Twelve years ago, on 2 November 2000, the petroleum and liquid fuels industry in South Africa signed its own sector transformation charter to try and give effect to the goals of the 1998 Energy White Paper.
Being the first sector to take this step of committing to a sector charter, it might be assumed that the industry is now a leader when it comes to equality in the South African context. Unfortunately, this is not the case.
The goal set by the Liquid Fuels Charter to have 25% of all facets of the liquid fuels industry owned by historically disadvantaged South Africans by 2010, was not met.
Over the years, various feedback and analysis reports – first by the Department of Minerals and Energy in 2006, then the Moloto report in 2011, and finally the 2019 analysis by Tryphosa Malatsi – showed that progress was slow, or that it even stalled.
Industry players have since made recommendations and suggested an adapted approach to make sure the industry reaches an appropriate level of representation – with one successful partnership approach that seems to be driving change in the fuel retail franchising sector.
In a recent webinar hosted by Moneyweb, editor Ryk van Niekerk put it to the panel that too few black entrepreneurs have been successful in the fuel retail space, but that the Nedbank Commercial Bank financing and partnership model seems to be bucking this trend.
Prithivan Pillay, head of client value propositions at Nedbank Commercial Banking, responded that the bank had, for some time already, looked at different funding models to lower the barriers of entry for new fuel sector entrants to own their own forecourts.
“However, over time we established that certain gaps remained, which was making it difficult to identify the right candidates and to ensure successful ownership,” he said.
Some of the challenges these business owners experienced related to working capital – which the bank could help with – but even more, it had to do with the experience and skill around topics such as inventory management, industry knowledge, sales forecasting and so on.
“The pre- and post-ownership support, that is extremely important in the fuel sector,” said Pillay.
He highlighted the high level of involvement required from fuel station owners when a crisis occurs – it is never just a nine-to-five job.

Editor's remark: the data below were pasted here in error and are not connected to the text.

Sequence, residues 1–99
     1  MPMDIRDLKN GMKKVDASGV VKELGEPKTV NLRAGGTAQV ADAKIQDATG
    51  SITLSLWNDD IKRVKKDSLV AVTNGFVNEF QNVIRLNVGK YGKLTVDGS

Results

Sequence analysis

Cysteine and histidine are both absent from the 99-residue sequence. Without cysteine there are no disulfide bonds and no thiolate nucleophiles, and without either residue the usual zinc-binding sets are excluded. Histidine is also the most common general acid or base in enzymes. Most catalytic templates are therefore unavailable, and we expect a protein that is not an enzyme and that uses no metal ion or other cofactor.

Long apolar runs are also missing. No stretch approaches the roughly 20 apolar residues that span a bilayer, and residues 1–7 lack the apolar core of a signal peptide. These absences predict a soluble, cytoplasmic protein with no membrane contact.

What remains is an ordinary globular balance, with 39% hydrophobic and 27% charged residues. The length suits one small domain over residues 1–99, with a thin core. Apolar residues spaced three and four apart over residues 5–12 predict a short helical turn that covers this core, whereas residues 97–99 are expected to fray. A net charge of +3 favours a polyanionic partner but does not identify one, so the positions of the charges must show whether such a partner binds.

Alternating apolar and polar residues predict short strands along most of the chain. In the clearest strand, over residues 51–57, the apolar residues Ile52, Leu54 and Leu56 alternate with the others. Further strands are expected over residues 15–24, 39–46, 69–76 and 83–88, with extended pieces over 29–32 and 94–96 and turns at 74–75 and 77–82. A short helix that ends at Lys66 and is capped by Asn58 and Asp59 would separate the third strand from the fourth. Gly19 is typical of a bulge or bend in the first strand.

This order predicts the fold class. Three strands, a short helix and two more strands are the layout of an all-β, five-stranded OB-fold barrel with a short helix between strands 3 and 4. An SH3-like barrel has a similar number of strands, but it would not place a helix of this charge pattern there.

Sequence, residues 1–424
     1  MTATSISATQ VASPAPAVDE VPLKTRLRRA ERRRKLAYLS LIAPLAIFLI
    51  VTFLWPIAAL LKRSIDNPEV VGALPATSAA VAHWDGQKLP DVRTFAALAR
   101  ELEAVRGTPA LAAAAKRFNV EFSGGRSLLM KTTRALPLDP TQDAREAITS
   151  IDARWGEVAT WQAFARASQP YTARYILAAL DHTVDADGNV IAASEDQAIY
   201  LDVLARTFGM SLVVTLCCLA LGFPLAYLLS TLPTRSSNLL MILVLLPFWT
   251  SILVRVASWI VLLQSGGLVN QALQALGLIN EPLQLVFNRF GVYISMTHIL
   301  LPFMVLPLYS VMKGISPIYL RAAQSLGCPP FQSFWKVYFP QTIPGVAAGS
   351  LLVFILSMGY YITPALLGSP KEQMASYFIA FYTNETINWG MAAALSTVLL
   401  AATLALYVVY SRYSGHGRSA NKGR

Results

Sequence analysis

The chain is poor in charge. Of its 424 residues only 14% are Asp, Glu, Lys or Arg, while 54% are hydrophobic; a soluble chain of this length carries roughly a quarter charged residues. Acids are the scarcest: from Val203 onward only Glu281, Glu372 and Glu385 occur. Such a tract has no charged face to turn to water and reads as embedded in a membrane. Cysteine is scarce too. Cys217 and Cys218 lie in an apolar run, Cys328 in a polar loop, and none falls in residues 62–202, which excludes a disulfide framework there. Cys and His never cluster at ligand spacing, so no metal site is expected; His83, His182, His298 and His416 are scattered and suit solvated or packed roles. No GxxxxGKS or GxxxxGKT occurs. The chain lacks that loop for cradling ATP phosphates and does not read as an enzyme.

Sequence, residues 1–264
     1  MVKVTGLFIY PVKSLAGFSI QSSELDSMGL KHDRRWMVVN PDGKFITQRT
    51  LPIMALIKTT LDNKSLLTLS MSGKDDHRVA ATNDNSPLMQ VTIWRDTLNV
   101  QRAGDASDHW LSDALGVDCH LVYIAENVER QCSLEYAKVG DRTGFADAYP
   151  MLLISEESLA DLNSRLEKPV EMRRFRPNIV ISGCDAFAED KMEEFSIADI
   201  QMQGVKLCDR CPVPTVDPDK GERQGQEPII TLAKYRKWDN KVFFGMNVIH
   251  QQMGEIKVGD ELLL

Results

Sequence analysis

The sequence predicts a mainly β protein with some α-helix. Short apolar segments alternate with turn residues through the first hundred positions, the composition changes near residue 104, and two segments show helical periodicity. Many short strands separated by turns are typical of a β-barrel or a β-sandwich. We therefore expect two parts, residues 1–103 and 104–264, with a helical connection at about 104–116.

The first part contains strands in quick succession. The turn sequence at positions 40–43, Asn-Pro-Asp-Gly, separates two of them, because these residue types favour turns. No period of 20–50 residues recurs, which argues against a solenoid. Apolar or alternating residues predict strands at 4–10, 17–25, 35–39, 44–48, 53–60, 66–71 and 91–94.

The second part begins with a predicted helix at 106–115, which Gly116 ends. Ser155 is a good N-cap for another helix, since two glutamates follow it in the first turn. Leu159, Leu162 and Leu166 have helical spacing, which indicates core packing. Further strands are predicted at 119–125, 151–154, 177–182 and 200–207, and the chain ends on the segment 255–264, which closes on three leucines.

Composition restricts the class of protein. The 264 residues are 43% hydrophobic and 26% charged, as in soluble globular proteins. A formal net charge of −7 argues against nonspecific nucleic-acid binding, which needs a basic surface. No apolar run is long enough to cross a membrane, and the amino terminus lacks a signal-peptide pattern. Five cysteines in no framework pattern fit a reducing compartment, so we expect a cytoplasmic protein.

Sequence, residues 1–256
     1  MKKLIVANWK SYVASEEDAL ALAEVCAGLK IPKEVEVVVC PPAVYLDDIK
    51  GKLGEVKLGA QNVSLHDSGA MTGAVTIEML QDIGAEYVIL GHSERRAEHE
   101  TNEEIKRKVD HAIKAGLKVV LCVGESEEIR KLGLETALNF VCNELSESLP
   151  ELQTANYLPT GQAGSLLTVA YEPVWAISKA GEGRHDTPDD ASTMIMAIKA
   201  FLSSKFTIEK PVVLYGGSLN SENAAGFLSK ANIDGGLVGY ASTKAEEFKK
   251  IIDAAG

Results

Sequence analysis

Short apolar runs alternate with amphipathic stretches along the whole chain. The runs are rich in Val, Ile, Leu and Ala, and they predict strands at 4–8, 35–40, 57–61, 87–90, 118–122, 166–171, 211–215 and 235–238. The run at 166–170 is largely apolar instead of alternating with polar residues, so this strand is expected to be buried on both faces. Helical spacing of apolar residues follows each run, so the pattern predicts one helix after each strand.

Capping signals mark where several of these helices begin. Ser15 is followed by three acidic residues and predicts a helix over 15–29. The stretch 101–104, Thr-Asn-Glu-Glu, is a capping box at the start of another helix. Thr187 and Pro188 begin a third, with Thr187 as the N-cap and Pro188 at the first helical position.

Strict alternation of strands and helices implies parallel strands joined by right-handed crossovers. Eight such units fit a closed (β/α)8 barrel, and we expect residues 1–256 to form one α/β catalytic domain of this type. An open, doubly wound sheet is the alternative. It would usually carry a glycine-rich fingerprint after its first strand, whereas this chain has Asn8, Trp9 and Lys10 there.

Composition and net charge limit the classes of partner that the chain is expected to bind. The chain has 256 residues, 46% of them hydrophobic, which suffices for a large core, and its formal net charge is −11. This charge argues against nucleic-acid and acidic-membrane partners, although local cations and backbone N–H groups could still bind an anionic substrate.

These new owners would only know how to deal with the challenges as they arise if there was a partner who had the expertise and experience on call.
To address this Nedbank found a strategic partner that took funding candidates through a process to prepare them for ownership.
The partner, PetroCONNECT, developed a screening, training, monitoring and mentorship programme that entrenches the skills that new entrants to the fuel retailer industry will need.
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Van Niekerk put the question to Pillay whether supporting post-financing was supposed to be the responsibility of the bank in the first place.
“This day and age, yes, it is our responsibility,” Pillay said.
“The one thing we do not want to do is just finance a business for a short period of time and then it closes because it is in trouble. So we have taken it upon ourselves to establish what it is in terms of post-ownership support that would be essential to the sustainability of the business.”
Pillay explained that PetroCONNECT provides support to the candidates ranging from a back-office tool system, labour and legal support as well as on-site operational interventions which includes assistance with stock control, fuel drops and other operational controls.
“Over the last three years we have assisted close to 40 individuals to own service stations,” he said.
“It has been very successful. We constantly engage with all the relevant stakeholders and have regular meetings on the supply chain side with the oil companies, together with the clients, to proactively address any distress signals and ensure that the business remains sustainable.”
What it takes
Pillay indicated that there are currently around 7 000 fuel station sites, which includes white sites or emerging fuel brands (unbranded petrol stations owned by small players outside the franchisee networks of major oil companies). Of these, less than 30% is owned by B-BBBEE entrepreneurs.
Pillay advised that a prospective owner should have 20% to 30% of the purchase price of a station, which can cost in the range of R5 million to R10 million, available upfront.
The required cash might seem like a high barrier to entry, but Pillay believes that this buffer is absolutely necessary in order to withstand the storms in a very turbulent and external shock-impacted sector.
Considering the rise in fuel prices, which probably makes fuel the biggest ‘grudge purchase’ for businesses and households at present, Pillay said prospective owners should be aware of the challenges in the sector and have the right attitude to face these challenges to achieve success.
Brought to you by Nedbank Commercial Banking.
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